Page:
She clambered onto the ledge moments after Verik did, her injured shoulder throbbing from the short climb, and sat with her legs hanging over the side. Though her heart was still pounding, some perverse impulse drove her to lean forward and peer over the edge—to see how far she had almost fallen. From so far above, the mist-line looked like the ground, flat and grey and stretching away to the horizon in all directions, broken only by the distant silhouettes of the few other mountain peaks close enough to see. But whatever it looked like, the mist would not have caught her—and it was no short distance to the Swamp below. This is how the highlanders see it, she thought, as she always did, sitting here. The Swamp might as well not exist. All they see is the mist.
Verik tapped her on the shoulder to get her attention, and she smiled at the worry-lines that creased his forehead.
I am fine, she signed—still one handed, even now that her hands were free. The feel of an empty hand made her reach for the Maker-forged knife at her waist. Their ancestors had created the sign-speech so that they never needed to let go of their weapons; in the Swamp, being caught unarmed usually meant death, or worse. Even now she felt naked without her shortspear, though it would only have gotten in the way.
Verik peered at her for a moment, and then let out a long, relieved breath. My heart nearly stopped, he signed. Maybe this was not the best idea.
Zerill shook her head vehemently. We had to come, and we had to come now. The festival is our only chance.
I suppose so. Do you think you will find something up there that will appease Azlin?
I don’t know, she replied. But this is a bad time not to know their plans. The Deeplings have been more active than usual, and you know they will blame us for it. And that might mean another purge.
Verik nodded, then flashed a sudden grin, banishing the doubt from his face. You and I will be lucky if Azlin doesn’t start a purge of her own when we return. Have you practised your loud-speech?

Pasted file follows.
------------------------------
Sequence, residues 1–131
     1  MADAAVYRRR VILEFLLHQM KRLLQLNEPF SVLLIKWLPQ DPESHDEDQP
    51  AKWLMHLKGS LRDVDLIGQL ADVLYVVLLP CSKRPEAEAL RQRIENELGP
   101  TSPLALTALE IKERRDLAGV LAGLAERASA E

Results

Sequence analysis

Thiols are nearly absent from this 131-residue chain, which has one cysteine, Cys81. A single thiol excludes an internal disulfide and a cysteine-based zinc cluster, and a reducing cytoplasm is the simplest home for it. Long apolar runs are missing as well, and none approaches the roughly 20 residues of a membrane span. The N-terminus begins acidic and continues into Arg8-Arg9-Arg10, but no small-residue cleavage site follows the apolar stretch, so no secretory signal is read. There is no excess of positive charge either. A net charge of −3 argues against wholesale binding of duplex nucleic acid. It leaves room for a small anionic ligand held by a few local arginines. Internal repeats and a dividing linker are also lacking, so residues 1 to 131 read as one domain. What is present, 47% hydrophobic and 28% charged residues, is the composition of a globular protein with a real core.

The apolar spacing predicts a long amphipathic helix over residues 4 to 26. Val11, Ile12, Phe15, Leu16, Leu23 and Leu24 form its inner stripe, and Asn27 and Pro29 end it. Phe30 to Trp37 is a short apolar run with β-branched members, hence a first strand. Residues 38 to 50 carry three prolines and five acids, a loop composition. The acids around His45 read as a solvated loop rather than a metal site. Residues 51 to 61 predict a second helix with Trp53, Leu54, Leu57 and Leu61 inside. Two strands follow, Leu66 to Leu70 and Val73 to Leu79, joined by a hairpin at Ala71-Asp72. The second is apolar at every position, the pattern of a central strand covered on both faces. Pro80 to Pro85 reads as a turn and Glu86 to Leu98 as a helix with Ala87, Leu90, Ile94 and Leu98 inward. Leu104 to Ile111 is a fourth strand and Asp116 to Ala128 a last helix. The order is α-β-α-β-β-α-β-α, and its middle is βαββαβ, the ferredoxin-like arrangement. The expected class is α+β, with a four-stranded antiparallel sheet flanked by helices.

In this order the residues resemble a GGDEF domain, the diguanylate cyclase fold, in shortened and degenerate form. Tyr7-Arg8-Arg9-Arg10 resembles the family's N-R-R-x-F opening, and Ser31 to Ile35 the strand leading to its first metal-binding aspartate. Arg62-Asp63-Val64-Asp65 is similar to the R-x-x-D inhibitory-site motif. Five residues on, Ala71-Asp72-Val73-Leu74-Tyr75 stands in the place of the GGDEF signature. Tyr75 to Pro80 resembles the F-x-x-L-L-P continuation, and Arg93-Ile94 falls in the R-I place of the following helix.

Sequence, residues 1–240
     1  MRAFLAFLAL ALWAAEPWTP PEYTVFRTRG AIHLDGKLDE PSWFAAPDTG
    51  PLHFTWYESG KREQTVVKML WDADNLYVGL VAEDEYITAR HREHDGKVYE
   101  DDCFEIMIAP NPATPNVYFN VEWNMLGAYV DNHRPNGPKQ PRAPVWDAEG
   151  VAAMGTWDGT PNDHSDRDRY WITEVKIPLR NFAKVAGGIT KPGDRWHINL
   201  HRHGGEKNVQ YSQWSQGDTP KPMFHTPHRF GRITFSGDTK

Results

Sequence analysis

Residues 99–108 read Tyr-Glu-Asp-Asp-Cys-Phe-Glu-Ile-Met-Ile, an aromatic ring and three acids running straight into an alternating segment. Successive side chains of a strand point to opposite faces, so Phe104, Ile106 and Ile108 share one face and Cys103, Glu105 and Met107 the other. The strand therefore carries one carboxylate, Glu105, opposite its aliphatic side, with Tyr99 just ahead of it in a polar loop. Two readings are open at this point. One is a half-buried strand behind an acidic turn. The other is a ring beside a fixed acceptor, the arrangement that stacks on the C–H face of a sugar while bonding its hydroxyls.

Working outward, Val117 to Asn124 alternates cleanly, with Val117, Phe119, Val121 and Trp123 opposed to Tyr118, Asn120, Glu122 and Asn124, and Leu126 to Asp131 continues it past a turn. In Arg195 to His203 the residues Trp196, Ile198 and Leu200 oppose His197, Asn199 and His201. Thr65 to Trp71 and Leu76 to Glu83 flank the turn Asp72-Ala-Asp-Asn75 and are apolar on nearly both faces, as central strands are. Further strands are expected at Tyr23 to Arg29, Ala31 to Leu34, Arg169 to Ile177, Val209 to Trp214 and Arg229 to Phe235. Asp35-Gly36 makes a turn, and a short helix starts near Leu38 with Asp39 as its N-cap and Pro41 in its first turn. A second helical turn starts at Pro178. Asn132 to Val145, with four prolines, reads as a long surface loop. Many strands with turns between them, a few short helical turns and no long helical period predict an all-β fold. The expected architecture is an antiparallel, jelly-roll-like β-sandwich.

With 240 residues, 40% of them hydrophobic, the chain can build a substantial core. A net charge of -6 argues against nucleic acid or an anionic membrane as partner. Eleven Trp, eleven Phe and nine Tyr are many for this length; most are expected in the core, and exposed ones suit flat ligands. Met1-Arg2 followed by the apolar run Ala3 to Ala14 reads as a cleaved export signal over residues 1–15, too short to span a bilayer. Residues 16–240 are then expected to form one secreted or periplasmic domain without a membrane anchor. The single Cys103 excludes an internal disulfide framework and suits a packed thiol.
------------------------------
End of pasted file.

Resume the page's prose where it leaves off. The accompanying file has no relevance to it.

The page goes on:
“You know I have,” Zerill said softly, wincing at the hoarseness in her throat, still sore from shouting. She could not remember ever speaking that loudly, although she prided herself on her proficiency with the loud-speech, a skill few of the Abandoned possessed. Though they shared the tongue of the highlanders, most of her people—even her own Kin, the Lighteyes, who were sworn to watch and report on the doings of the mountain-dwellers—relied on signs unless it was absolutely necessary, and even then only used the roughest, simplest terms. But Zerill practised whispered conversations to herself whenever she felt it was safe to do so. When she needed them, she wanted to be sure that the words and rhythms of speech were fresh in her mind. Whatever the rest of her Kin might think, it was their duty to observe the highlanders, and to Zerill it seemed obvious that understanding them better could only help.
Verik did not respond out loud—he had never been as skilled at it as she was. Instead, he signed, Good. He smiled teasingly. I felt the sudden urge to hide myself—you must sound like one of them.
Zerill snorted. After they’ve had their throats burned by coals, maybe. But it will have to suffice.
Do you want me to come with you this time? There was concern in Verik’s eyes now.
Zerill shook her head. No. Get me there and then wait here until I return. Verik’s poor loud-speech would only raise suspicion, and he would be no use as protection—the Makers were forbidden to take a life. But he always asked—she loved him for that. She laid a hand on his shoulder and smiled. I will be fine, Verik. But thank you.
You had better be. I already nearly lost you once, and I am not eager to explain it to your sister if you do not return. She scares me. He grinned his mischievous grin. Keep that in mind when you have the urge to do something foolish.
Again, Zerill forced down the laughter that rose in her throat. I will.
Whenever you feel ready, then.
Zerill rotated her shoulder, testing its range of motion. It still ached, but not so much that she couldn’t take it. Inhaling deeply, she tightened the strap on the sack holding her festival costume, looked up at the sun, and nodded. Let’s go.
That’s it! If you liked it, don’t forget to sign up here to be notified by email when the book comes out.